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Robinson v. Shartle

United States District Court, D. New Jersey

May 26, 2015

TIMOTHY ROBINSON, Petitioner,
v.
J.T. SHARTLE, Respondent.

Timothy Robinson, FCI Fairton Fairton, NJ, Petitioner pro se.

Elizabeth Ann Pascal, Office of the U.S. Attorney, Camden, NJ, Counsel for Respondent.

OPINION

NOEL L. HILLMAN, District Judge.

Petitioner Timothy Robinson, a prisoner currently confined at the Federal Correctional Institution in Fairton, New Jersey, has submitted a Petition for writ of habeas corpus pursuant to 28 U.S.C. § 2241, claiming that the United States Parole Commission (the "Commission") improperly refused to credit him for time spent in federal custody. Petitioner names as party respondent, Warden J. T. Shartle, as the person having custody over him pursuant to 28 U.S.C. §§ 2242 and 2243. For the foregoing reasons, the Petition will be denied.

I. BACKGROUND

A. Parole Procedure for D.C. Offenders

Because Petitioner is challenging re-parole decisions made by the Commission regarding a sentence imposed by a District of Columbia Superior Court, it is appropriate for this Court to begin with a discussion of the Commission's authority and parole procedures.

As a result of the National Capital Revitalization and Self-Government Improvement Act of 1997, jurisdiction over parole decisions for District of Columbia offenders was transferred from the District of Columbia Parole Board to the Commission. See The National Capital Revitalization and Self-Government Improvement Act, Pub. L. No. 105-33, § 11231(a)(1), 111 Stat. 712, 745 (effective August 5, 1998), codified at D.C. Code § 24-131(a)(1) (2001). In making parole release decisions, the Commission interprets and implements the District of Columbia Official Code and has authority to amend and supplement the parole laws of the District of Columbia. See D.C. Code § 24-131(a)(1).

A parolee who is convicted of a new offense while on parole may be charged with a parole violation by the Commission. See 28 C.F.R. § 2.44. A revocation hearing ensues and, if the Commission decides to revoke parole, as a corollary, it must make several other related determinations. See 28 C.F.R. § 2.52. Among other things, the Commission must make a re-parole determination. Id . In other words, the Commission must determine the length of time which a violator must serve as a result of his parole violation before he is again paroled.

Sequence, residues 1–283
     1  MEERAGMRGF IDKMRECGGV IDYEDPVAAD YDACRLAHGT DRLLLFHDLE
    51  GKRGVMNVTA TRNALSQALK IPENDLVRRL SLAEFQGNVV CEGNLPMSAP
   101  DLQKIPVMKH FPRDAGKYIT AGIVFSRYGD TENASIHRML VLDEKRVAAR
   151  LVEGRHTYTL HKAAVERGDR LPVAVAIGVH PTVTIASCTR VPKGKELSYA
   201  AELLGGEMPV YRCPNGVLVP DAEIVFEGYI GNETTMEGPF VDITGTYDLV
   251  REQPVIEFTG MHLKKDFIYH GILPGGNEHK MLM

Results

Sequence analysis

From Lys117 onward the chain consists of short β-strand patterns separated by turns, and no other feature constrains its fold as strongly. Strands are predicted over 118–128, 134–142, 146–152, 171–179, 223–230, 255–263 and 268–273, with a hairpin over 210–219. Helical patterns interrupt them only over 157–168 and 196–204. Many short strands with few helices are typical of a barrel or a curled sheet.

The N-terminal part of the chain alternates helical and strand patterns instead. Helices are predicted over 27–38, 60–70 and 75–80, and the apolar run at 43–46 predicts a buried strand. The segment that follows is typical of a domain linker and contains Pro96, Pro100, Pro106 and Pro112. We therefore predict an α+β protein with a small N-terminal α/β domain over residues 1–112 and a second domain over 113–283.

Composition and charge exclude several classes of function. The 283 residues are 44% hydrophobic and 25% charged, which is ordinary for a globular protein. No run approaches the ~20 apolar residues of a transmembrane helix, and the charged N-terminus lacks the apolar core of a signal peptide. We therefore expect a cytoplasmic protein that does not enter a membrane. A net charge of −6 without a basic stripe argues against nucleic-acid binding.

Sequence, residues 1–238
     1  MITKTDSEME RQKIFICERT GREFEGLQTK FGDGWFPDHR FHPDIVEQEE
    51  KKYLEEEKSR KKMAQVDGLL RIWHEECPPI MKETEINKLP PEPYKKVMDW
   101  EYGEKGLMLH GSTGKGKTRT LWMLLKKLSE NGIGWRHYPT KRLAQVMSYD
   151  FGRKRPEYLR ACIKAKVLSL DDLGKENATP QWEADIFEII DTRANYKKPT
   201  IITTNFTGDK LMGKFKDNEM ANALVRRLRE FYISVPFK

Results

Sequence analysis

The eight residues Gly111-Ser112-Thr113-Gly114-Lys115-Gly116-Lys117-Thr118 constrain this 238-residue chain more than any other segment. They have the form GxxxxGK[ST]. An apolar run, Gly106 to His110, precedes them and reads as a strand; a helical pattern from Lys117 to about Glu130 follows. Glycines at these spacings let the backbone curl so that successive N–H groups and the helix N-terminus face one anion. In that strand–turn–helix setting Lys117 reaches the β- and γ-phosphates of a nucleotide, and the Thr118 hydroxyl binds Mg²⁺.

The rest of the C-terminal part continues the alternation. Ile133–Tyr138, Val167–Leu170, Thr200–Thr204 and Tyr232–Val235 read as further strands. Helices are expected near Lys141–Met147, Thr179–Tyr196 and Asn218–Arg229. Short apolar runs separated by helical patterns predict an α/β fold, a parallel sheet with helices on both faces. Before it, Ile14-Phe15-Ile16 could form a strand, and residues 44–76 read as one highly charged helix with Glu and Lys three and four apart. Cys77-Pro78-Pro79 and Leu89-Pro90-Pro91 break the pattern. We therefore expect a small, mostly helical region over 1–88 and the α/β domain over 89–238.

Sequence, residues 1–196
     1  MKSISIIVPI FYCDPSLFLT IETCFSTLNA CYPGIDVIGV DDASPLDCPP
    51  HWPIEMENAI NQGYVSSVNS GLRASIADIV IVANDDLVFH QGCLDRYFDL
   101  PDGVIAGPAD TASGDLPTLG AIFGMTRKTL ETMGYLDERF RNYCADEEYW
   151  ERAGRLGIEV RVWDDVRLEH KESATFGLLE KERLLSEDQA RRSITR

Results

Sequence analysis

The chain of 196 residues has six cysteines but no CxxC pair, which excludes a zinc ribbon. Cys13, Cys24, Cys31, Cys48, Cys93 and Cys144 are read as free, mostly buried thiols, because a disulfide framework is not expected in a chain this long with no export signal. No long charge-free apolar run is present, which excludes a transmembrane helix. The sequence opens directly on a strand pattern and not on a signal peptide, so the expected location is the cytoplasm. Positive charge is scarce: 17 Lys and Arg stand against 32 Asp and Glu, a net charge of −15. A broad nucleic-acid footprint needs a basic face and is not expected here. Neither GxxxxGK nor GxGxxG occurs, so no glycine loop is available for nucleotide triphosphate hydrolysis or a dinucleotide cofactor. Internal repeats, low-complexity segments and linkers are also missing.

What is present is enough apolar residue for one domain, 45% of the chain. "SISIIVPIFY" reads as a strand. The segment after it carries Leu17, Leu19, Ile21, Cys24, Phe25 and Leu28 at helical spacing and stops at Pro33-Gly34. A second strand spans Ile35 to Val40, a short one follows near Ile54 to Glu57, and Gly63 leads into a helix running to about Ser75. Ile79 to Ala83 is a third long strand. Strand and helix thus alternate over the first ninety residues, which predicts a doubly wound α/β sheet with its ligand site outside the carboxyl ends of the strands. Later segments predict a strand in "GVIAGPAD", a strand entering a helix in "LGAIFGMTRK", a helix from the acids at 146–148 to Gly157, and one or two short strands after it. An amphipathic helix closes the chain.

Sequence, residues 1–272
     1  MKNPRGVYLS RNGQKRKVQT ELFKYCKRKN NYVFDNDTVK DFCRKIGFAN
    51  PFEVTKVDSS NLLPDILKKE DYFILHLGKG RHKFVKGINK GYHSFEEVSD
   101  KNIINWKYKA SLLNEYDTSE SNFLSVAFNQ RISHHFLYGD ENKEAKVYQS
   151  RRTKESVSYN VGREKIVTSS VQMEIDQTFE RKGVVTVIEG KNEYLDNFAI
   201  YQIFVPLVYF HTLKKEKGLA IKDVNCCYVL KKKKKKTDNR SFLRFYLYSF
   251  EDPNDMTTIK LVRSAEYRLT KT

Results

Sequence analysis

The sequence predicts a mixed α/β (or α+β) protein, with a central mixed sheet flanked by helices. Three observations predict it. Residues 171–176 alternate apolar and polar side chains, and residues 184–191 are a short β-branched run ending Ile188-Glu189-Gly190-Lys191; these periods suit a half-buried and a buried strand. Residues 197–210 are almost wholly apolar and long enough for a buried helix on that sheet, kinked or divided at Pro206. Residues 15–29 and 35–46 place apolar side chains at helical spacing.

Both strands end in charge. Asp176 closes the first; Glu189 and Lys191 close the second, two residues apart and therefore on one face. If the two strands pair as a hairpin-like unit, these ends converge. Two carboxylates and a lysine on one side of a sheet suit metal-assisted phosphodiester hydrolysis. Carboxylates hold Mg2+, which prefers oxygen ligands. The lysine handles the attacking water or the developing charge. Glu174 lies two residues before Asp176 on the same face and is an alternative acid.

The Commission uses the re-parole consideration regulations set forth in 28 C.F.R. § 2.21 to create guidelines and establish consistency in the exercise of discretion. See 28 C.F.R. §§ 2.20, 2.21. Section 2.21(c) states that "[t]ime served on a new state or federal sentence shall be counted as time in custody for re-parole guideline purposes." 28 C.F.R. § 2.21(c).

It is important to note that re-parole is distinctly different from the length of time which remains to be served on the original sentence as a result of the parole violation. See Id .; 28 C.F.R. §§ 2.21(c), 2.52(c); see also, Bowen v. U.S. Parole Comm'n, 805 F.2d 885, 888 (9th Cir. 1986) (explaining the difference between sentence credit and re-parole guidelines credit); Berg v. U.S. Parole Comm'n, 735 F.2d 378 (9th Cir. 1984); Staege v. U.S. Parole Comm'n, 671 F.2d 266 (8th Cir. 1982). Thus, in addition to re-parole, the Commission must also determine the effect that revocation of parole will have on the time remaining to be served on the parolee's original sentence (the "violator term").

In making this determination, section 2.21(c) is again instructive and it directs that credit for time in custody for re-parole guidelines purposes "does not affect the computation of the expiration date of the violator term as provided by §§ 2.47(e) and 2.52 (c) and (d)." Id . Section 2.52 then states, in relevant part, that

[i]t is the Commission's interpretation of 18 U.S.C. 4210(b)(2) that, if a parolee has been convicted of a new offense committed subsequent to his release on parole, which is punishable by any term of imprisonment, detention, or incarceration in any penal facility, forfeiture of time from the date of such release to the date of execution of the warrant is an automatic statutory penalty, and such time shall not be credited to the service of the sentence.

28 C.F.R. § 2.52(c). Thus, Section 2.52(c) clearly delineates the time period that is forfeited upon conviction of a new offense while on parole; and the plain language of this section provides no indication that the amount of time forfeited is affected by a parolee's custody status during this time.

B. Petitioner's Factual and Procedural History

The factual background of this case is not in dispute. However, due to multiple offenses, convictions, and parole violations, the procedural history of this case is lengthy and somewhat convoluted. Below, the Court sets forth the facts and procedural history necessary for the Court's disposition.

In 1993, the District of Columbia Department of Corrections aggregated Petitioner's District of Columbia Superior Court sentences in Case Nos. F-6745-91 & F-14327-91 (collectively, the "D.C. Offenses") into a sentence of 19 years, 6 months, less 520 days jail credit, for a minimum term of 6 years, 6 months.

On November 5, 1997, the District of Columbia Board of Parole paroled Petitioner from this sentence and ordered that Petitioner's parole for the D.C. Offenses would expire on October 11, 2011. (Decl. of Gervasoni 4, Cert. of Parole, Ex. 2, ECF No. 7-1). However, while he was incarcerated on his D.C. Offenses, Petitioner was convicted by the United States District Court for the Eastern District of Virginia for Possession of Marijuana with Intent to Distribute and Prisoner in Possession of Marijuana (the "Marijuana Offense"). He was sentenced to 60-months imprisonment, with 3 years' supervised release. Therefore, on November 5, 1997, Petitioner was paroled to a federal detainer lodged by the United States Marshals Service for the Marijuana Offense and he immediately began service of that sentence upon his release on parole for the D.C. Offenses.